Chinese equities took a hard beating for the rest of the year as a result. Foreign investors pulled capital to search for better returns outside the country, while domestic investors, who account for 90% of the market, chased short-term returns via ‘hot themes’ that were in vogue – specifically around artificial intelligence and state-owned enterprise reforms.

While there are some genuine reasons for concern, such as the untenable debt levels amongst many real estate developers, a disconnect has emerged between market sentiment. This is indicated by current valuation levels and headlines in the press versus the reality of what we are seeing reality on the ground.  Chinese onshore names today are trading at historically low valuations, making China one of the cheapest major stock markets in the world. On the other hand, recent activity data have been signalling that the beleaguered economy has found a firmer footing. Both consumption and manufacturing indicators were showing signs of improvement towards the end of 2023. More recently, the Caixin manufacturing factory activity data recorded the third consecutive month of expansion (PMI >50), signifying continued improvement in the sector despite lingering uncertainties.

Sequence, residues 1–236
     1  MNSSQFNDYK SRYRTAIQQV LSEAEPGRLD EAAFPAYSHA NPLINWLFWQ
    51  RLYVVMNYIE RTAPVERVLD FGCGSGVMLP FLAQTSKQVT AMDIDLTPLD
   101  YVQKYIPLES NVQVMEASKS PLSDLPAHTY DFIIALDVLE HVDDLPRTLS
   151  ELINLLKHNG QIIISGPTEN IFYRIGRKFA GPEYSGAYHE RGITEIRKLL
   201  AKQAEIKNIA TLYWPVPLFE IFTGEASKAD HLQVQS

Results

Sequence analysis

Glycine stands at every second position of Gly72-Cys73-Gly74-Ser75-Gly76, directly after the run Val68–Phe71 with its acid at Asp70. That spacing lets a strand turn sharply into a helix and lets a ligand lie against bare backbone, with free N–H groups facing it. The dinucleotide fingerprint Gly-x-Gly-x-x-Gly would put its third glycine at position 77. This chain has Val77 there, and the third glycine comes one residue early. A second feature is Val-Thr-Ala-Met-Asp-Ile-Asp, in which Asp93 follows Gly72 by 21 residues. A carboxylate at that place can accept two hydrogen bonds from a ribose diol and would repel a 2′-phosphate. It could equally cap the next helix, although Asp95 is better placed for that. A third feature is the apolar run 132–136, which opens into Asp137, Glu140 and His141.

Of course, cheap valuation alone is not enough to mount a sustainable recovery in the stock market. Earnings growth is also critical. This is where the disconnect is apparent – between a company’s fundamentals and its share price. The last three years have presented Chinese companies with incredible challenges: weak demand, operational issues, and widespread uncertainties. Despite this, many high-quality names have delivered resilient earnings. For example, Aier Eye Hospital’s share price fell 34% in 2023, but its expected revenue and adjusted earnings per share (EPS) change for 2024 are in an upward trajectory[1]. We still expect high single-digit earnings growth for the overall market this year as the benefits of monetary and fiscal stimulus take hold. Our predications are higher for abrdn’s portfolio holdings as these are high-quality companies with excellent underlying fundamentals that are not at all reflected in their share prices.